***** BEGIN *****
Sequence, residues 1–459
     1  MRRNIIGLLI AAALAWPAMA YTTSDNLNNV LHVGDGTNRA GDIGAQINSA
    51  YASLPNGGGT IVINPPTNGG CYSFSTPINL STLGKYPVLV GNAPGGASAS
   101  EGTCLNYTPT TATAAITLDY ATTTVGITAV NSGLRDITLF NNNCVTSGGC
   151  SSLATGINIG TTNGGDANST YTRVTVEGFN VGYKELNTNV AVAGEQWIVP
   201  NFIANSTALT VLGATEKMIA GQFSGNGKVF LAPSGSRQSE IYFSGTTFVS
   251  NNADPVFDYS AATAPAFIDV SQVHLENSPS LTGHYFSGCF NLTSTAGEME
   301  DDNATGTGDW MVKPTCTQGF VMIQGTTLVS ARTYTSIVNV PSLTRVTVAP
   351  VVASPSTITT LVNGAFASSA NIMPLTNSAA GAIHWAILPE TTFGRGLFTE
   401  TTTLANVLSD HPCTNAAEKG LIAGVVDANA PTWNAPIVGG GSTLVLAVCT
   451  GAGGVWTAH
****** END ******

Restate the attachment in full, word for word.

Sequence, residues 1–459
     1  MRRNIIGLLI AAALAWPAMA YTTSDNLNNV LHVGDGTNRA GDIGAQINSA
    51  YASLPNGGGT IVINPPTNGG CYSFSTPINL STLGKYPVLV GNAPGGASAS
   101  EGTCLNYTPT TATAAITLDY ATTTVGITAV NSGLRDITLF NNNCVTSGGC
   151  SSLATGINIG TTNGGDANST YTRVTVEGFN VGYKELNTNV AVAGEQWIVP
   201  NFIANSTALT VLGATEKMIA GQFSGNGKVF LAPSGSRQSE IYFSGTTFVS
   251  NNADPVFDYS AATAPAFIDV SQVHLENSPS LTGHYFSGCF NLTSTAGEME
   301  DDNATGTGDW MVKPTCTQGF VMIQGTTLVS ARTYTSIVNV PSLTRVTVAP
   351  VVASPSTITT LVNGAFASSA NIMPLTNSAA GAIHWAILPE TTFGRGLFTE
   401  TTTLANVLSD HPCTNAAEKG LIAGVVDANA PTWNAPIVGG GSTLVLAVCT
   451  GAGGVWTAH